If you’ve been with us the last few weeks, you know we’ve been looking at the 11 leadership principles the US Army employs to best lead their people. We have been dissecting these to see how they could be best used within our families – without coming across like a Drill Sergeant.
During the first week, we covered:
- Set the example
- Know yourself and seek self-improvement
- Be technically and tactically proficient
and the second week, we looked at:
- Keep your people informed
- Develop a sense of responsibility among your people
- Make sound and timely decisions
- Employ your work unit in accordance with its capabilities
That leaves 4 more, by my calculations, as long as we’re not using some “new math”. That being said, let’s get right into the final 4 and see how they can help us lead our families.
- Know your people and look out for their welfare – In a survey I read several years ago, the number one thing most wives wanted from their husbands was security. No, not a personal bodyguard to follow them around all over the place, but just to know that someone was watching out for them and they were being provided for. Only when we actively demonstrate we are truly interested in, and concerned about, our families will we truly have their respect. Respect, contrary to popular belief, can not be demanded. I recently read:
- Seek responsibility and take responsibility for your actions – One of the hardest lessons I’ve learned as a father is that eating a “big piece of humble pie” isn’t necessarily a bad thing. I’m not perfect and sometimes I react to situations first and think second. However, when I take a look at the situation in hindsight and figure out things could have been handled better – AND ADMIT THAT, it usually works out better. Our kids aren’t just going to learn how to react from us – they’re going to look for someone like us when they go off and get married someday. Let’s set them up for success by trying to think first and act second. However, when we don’t (and we won’t always), then let’s be prepared to admit it so they can learn from our actions of humility.
- Ensure assigned tasks are understood, supervised, and accomplished – I’m a little A.D.D. (A LOT if you ask my wife) which leads to a bit of O.C.D. in order to try and overcome my search for the missing shiny squirrel. This is not easily done and many times, it leads to one of two outcomes. The first is ending up feeling like nobody can achieve the results I’m looking for, so I do certain tasks all by myself and grumble the whole time because I don’t think my 11 year old can do it as good as I could. If it’s not that outcome, then it’s usually just telling them to do the task without ever checking back on them until after everyone’s gone to bed at which point I discover, it really wasn’t done the way I was hoping. HOWEVER – it never fails – when I sit down with them and show them exactly what needs to be done, demonstrate what I’m hoping will get accomplished in the end, and checking in on them once in a while, during the task to see if everything’s going ok, things usually get done as I had hoped and they feel a sense of accomplishment once it’s done. When we trust to our kids to get things accomplished and verify they understand the outcome we’re hoping for and the bar we’ll going to hold them against when they’re done, we may be pleasantly surprised what they can do.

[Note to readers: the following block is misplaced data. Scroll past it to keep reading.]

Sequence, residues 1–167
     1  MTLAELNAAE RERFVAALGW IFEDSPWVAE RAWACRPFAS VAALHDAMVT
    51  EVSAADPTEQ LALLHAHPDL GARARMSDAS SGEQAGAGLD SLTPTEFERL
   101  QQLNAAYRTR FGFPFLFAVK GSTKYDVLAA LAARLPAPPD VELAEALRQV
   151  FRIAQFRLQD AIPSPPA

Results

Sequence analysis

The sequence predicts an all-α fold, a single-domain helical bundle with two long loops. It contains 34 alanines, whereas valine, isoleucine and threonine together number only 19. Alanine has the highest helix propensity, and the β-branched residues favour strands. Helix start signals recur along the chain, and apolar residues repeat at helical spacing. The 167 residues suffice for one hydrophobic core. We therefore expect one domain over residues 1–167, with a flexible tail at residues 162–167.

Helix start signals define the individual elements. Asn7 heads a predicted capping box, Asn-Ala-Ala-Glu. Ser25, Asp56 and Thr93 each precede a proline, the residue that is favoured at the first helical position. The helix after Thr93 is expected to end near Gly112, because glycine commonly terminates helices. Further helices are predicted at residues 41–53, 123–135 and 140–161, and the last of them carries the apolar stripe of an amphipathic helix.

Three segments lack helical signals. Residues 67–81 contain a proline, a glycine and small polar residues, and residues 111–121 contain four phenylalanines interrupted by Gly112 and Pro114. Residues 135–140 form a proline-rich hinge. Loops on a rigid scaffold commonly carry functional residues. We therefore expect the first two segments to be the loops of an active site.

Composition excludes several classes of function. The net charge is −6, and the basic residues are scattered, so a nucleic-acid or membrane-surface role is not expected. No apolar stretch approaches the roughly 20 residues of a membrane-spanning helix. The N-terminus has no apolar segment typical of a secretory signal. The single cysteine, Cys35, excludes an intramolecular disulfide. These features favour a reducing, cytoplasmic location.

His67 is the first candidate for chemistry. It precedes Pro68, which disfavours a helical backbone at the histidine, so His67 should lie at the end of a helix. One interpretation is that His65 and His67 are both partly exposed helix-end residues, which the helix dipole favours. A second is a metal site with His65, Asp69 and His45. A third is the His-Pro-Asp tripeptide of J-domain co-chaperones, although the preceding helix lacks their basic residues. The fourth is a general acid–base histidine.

- Train your people as a team – The final principle for this series is also one of the most easiest to apply to the family, but can be the hardest to implement. Train our family as a team? How can that be possible? What sort of team is this referring to? The family unit, when working together, can accomplish huge things. For that reason, my recommendation for achieving this is easy – SPEND TIME TOGETHER! What professional sports team has ever won the Super Bowl, the World Series, or held the Stanley Cup over their heads, by having the head coach allow the team to work out on their own without ever setting foot on the field or ice before game time. The answer is NONE! A winning team has to know each other’s strengths and weaknesses. They have to realize when one of the team is having an off-day. One way to do this with the family – and I know it seems like it’s in every book or blog about families – sit down and eat dinner together. Talk with one another and ask each other questions. If you don’t know what questions to ask – keep an eye out for the next post – Dinner Time Conversation Starters.
We hope you enjoyed this series and are able to apply some of these principles to your family. If you do, we’d love to hear from you either through a comment below or on the Contact page.